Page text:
Land Acknowledgement

What is land acknowledgment?

A Land acknowledgment is a public and formal statement that recognizes, honors and respects Indigenous Peoples as traditional stewards of this land. The statement highlights the enduring relationship that exists between Ingenous Peoples and their traditional territories.

What is the purpose of recognizing land?

All land in the State of Massachusetts was once Native territory, which is why it is our duty to acknowledge that the College of the Holy Cross exists on Native land. To recognize the land is an expression of gratitude and appreciation to those whose territory you reside on, and a way of honoring the Indigenous people who have been living and working on the land from time immemorial. It is important to understand the long-standing history that has brought you to reside on the land, and to seek to understand your place within that history.

Land acknowledgements do not exist in a past tense, or historical context: colonialism is a current ongoing process, and we need to build our mindfulness of our present participation. It is also worth noting that acknowledging the land is Indigenous protocol.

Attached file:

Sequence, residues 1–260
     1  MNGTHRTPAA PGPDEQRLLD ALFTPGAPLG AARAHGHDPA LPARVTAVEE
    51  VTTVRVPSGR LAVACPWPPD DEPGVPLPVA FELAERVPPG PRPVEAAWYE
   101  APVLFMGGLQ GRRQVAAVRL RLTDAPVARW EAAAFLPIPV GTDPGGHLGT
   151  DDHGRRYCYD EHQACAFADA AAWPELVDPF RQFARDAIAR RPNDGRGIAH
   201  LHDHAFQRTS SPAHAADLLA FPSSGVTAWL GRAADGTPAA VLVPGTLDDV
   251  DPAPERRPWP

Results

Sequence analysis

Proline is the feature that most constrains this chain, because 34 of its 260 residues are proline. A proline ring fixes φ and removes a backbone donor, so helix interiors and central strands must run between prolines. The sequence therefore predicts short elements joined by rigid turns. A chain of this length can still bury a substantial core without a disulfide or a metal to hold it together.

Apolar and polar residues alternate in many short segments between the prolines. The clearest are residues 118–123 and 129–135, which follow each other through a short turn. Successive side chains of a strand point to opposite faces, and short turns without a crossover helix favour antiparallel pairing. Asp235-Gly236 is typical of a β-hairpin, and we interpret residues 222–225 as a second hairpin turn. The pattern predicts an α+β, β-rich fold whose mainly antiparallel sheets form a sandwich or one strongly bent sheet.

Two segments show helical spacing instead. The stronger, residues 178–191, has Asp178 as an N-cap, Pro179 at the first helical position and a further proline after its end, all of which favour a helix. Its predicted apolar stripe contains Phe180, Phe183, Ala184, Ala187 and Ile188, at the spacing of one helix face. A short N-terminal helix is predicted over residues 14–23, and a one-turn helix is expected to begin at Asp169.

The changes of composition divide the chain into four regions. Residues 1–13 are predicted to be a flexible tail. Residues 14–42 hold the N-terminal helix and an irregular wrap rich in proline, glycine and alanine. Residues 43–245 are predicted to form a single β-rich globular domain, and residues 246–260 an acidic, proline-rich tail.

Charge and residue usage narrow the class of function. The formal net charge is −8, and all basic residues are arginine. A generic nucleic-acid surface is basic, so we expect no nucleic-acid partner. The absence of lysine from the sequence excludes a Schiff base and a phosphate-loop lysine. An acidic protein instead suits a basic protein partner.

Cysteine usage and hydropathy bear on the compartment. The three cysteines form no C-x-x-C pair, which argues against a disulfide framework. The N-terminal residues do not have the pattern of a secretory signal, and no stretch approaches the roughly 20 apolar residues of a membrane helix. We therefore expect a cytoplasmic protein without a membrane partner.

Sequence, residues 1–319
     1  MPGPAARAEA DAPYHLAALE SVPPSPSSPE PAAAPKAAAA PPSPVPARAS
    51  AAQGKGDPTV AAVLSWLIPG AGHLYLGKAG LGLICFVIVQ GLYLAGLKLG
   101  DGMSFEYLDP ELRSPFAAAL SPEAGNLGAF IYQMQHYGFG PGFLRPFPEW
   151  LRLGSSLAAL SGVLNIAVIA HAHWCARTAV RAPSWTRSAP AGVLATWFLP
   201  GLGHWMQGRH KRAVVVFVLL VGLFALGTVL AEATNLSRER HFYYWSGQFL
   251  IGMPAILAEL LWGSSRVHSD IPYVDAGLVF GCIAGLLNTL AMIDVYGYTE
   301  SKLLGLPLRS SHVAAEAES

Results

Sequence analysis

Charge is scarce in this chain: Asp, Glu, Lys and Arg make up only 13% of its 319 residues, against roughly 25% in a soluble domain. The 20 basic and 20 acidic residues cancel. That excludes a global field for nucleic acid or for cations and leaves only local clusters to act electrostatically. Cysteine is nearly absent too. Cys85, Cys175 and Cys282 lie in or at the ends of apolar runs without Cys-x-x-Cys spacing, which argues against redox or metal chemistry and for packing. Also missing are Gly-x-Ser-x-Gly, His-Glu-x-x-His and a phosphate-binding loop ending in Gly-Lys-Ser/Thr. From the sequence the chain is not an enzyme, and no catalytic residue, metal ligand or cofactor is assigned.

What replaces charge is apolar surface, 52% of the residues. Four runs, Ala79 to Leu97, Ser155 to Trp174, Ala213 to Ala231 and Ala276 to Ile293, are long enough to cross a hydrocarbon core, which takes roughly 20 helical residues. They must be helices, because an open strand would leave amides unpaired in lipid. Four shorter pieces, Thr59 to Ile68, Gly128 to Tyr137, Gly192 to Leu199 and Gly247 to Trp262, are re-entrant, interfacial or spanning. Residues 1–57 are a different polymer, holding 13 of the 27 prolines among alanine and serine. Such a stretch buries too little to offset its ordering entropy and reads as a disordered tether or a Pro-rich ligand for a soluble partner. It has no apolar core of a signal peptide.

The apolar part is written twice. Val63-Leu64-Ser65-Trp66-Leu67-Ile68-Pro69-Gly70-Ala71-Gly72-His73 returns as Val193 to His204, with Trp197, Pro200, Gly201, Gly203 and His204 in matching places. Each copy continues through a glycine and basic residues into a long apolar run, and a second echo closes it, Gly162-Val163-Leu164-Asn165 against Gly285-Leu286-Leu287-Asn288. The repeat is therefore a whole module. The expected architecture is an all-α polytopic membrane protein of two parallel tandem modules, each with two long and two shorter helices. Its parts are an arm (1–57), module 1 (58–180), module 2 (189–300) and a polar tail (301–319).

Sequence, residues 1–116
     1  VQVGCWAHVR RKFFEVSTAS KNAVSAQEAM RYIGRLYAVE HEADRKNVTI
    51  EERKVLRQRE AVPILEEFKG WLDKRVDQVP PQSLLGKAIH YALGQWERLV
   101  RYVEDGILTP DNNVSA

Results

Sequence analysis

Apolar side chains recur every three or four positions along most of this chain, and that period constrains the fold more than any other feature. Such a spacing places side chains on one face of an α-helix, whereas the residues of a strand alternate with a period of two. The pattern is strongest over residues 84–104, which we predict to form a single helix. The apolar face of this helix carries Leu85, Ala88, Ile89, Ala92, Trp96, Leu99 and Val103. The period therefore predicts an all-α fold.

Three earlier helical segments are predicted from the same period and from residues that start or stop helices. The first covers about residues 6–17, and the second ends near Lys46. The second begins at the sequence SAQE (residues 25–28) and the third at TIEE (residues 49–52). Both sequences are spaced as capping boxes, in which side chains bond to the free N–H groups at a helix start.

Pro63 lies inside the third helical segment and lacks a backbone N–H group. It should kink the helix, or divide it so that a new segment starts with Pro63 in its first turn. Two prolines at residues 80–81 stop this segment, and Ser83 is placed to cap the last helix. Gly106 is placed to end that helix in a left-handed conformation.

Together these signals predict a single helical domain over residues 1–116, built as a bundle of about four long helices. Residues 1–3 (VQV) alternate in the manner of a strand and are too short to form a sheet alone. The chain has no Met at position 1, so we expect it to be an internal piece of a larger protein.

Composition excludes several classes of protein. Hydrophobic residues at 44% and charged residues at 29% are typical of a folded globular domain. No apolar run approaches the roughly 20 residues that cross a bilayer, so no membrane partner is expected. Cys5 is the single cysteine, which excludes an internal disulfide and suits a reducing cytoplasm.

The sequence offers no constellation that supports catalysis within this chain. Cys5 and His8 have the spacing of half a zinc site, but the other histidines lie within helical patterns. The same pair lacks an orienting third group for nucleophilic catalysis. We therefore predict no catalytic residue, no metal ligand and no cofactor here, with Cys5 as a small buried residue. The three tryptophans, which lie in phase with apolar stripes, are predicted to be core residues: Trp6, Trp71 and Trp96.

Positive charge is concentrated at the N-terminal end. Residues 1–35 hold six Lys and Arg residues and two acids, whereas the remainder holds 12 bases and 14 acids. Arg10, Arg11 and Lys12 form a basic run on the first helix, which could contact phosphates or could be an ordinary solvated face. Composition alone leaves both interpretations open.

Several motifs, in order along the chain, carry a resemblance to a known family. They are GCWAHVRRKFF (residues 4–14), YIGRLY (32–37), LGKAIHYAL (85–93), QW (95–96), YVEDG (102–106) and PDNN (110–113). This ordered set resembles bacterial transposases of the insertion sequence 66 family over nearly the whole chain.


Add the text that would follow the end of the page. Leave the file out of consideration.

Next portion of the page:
“Acknowledgment is a simple, powerful way of showing respect and a step toward correcting the stories and practices that erase Indigenous people’s history and culture and toward inviting and honoring the truth.”  Source: U.S. Department of Arts and Culture

Office of Multicultural Education Land Acknowledgment

We would like to acknowledge that the land we live, work, learn, and commune on is the original homelands of the Nipmuc tribal nations. We acknowledge the painful history of genocide, slavery, and forced removal from this territory, and we honor and respect the many diverse Indigenous peoples still connected to this land on which we gather. We hope this gesture honors the Nipmuc people and the ongoing connection they have with the land. 

The Nipmuc Nation Tribal Council is located at 25 Main Street, South Grafton, Massachusetts. Social media platforms include Facebook, Twitter, Instagram, and website.

Adapted from Honor Native Land: A Guide and Call to Acknowledgment

More resource here: